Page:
The Stuff of Nightmares
Fast-forward 15 years and it seems that what we're experiencing is a transition from biophilia to biophobia, a fear of living things. Especially the creepy-crawly ones. I recall summers spent sprawled out on a blanket in the grass, devouring books on loan from the local library. This past summer, in an attempt to avoid chiggers, I laid out in plastic chairs at the local public pool. It was still an intoxicating experience, but not quite the same connectedness you feel when lying in the grass, twirling your fingers around dandelions and feeling the earth beneath you. There were also droves of mosquitoes emboldened by our steamy, wet summer. No matter what time of day, we were prey.
Then, along came the arachnids. Anyone who's lived on the prairie can tell you about brown recluse spiders and identify a person within six degrees of separation who's been bitten. "BRs," my friend Carolyn likes to call them. I like to call them the stuff of nightmares because I'm not sure what else you call spiders that can live six months without food or water, and are small enough to be undetected yet have a venomous bite that can cause your flesh to decay.
I'm ashamed to admit I've squished many spiders this summer because of my fear. I hadn't really considered brown recluses until a friend (once removed) was bitten this summer and nearly required a skin graft. People kept telling me to look for a violin shape on the spider's back. I don't know who gets close enough to determine exactly what musical instrument is on a bug's back, but it's not me.
This move to a new home took that concern to a whole new level when the neighbor across the street from my new house—who has since moved—told me I had BRs. And then, for good measure threw in, "You have wolf spiders, too." Thanks, neighbor. Wolf spiders are harmless, but they look like tarantulas. And they jump.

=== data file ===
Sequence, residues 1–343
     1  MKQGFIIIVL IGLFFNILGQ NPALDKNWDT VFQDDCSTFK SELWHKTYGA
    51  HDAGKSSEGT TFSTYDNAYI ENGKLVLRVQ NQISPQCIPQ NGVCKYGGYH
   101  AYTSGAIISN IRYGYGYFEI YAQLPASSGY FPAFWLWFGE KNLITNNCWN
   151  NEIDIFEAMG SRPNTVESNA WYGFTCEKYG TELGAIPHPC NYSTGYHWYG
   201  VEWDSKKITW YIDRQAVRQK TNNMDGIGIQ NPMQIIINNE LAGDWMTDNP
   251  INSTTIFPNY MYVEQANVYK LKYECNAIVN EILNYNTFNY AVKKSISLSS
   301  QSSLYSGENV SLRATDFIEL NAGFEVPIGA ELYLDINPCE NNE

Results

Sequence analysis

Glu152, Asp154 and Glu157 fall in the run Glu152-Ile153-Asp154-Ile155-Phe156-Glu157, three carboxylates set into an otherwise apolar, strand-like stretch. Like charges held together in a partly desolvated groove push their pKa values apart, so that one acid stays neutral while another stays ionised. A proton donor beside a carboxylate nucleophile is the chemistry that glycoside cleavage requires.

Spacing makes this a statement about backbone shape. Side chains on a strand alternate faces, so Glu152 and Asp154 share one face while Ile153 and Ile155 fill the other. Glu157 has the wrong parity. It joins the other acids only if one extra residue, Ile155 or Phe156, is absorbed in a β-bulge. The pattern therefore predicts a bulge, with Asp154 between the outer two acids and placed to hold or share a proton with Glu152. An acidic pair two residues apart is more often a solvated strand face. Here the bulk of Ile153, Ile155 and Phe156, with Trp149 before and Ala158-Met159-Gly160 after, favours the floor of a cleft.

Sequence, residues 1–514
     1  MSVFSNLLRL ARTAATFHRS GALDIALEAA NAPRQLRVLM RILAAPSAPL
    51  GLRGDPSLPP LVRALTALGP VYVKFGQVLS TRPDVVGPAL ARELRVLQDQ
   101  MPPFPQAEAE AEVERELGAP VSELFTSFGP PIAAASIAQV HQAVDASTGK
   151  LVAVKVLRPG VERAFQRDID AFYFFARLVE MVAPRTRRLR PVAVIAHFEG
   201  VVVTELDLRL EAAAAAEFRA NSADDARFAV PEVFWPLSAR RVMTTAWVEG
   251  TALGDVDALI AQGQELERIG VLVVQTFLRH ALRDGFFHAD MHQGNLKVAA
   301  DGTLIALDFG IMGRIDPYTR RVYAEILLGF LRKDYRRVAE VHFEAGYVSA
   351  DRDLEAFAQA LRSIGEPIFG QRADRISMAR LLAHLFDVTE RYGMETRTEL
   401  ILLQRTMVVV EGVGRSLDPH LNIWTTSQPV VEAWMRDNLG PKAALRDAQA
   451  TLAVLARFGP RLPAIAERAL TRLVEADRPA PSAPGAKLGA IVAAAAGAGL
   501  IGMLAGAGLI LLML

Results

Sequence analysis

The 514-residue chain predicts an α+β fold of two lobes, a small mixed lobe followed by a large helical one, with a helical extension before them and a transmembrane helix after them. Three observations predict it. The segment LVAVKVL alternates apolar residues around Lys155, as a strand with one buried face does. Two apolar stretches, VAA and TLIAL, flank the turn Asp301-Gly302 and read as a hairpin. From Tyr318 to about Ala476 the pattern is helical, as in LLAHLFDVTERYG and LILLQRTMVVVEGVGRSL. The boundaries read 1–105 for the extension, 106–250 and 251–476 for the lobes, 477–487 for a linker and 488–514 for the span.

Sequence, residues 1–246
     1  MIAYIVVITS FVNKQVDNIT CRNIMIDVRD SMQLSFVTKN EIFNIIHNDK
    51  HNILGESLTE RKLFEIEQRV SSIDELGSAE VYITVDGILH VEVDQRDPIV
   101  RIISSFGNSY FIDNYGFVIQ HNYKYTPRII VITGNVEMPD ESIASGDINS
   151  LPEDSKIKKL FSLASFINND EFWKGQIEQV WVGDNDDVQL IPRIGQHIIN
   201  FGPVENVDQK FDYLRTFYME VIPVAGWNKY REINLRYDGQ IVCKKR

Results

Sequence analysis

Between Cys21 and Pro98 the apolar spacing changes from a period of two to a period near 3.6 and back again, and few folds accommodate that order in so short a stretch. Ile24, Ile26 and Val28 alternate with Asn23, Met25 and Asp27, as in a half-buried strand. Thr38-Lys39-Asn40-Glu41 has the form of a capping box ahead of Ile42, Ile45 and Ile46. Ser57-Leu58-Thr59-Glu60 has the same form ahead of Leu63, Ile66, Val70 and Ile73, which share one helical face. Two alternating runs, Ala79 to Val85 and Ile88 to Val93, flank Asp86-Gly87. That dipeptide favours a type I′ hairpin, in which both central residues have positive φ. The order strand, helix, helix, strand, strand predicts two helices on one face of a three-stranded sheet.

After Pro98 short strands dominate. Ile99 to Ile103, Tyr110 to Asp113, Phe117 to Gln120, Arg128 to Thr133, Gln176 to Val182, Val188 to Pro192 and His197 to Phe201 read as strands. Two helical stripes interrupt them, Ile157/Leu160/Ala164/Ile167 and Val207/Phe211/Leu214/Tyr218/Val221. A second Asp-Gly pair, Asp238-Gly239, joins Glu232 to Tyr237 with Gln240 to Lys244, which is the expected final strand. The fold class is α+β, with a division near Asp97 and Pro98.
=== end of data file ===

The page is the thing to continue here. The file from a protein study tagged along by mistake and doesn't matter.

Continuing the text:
So I called Jamel, the man who holds a PhD in BR mitigation.
Jamel greeted me with a wide smile and headed right down to the unfinished basement. He emerged with an exoskeleton in his hand and announced, "You have them. Not a large active population, but some." That was the moment I wanted to say, "Please use whatever nuclear device is required to eradicate them!" Instead, I peered at the spider's casing (marveling at its small size) and said, "So how can we get rid of them kindly and gently?" Jamel explained the brown recluse is a prehistoric spider and the best lines of defense are ones that have been used for ages. The treatment involved precision dusting (not carpet bombing) of select areas with naturally derived compounds from chrysanthemum flowers and botanical extracts, as well as the elimination of brown recluse egg sacs in the attic and the basement. "Kill the babies," Jamel said. "Yes, please," I said weakly.
I was as thrilled as I could have been with the treatment. If I have to exterminate, I want to use substances cooked up in nature, not a lab. I know we have experienced better living through chemistry, but I'm also well aware of the host of products we use in our home that contribute to poor air quality. That's air quality that the EPA has determined is twice as polluted as outdoor air in certain areas. (I'll talk more about this next week.) The goal, Jamel said, is "to get rid of the problem, not the people." Exactly.
Jamel took me (i.e., made me go) downstairs and showed me the unusual loose webs BRs cast, explaining the whiter the silk, the newer the web. He then pointed to a cricket and said, "You also have camel crickets. Lots of them." He explained that most insects within a house are a reflection of something going on inside the structure. In my case, it's a very damp basement. The solution? A simple dehumidifier and better sealing around window frames.
Jamel's partner Jason treated the attic (another favorite hiding place for BRs) and happily announced, "You don't have mice." Unless they eat brown recluse spiders, I'm going to consider that a good thing.
Off to research the best dehumidifier,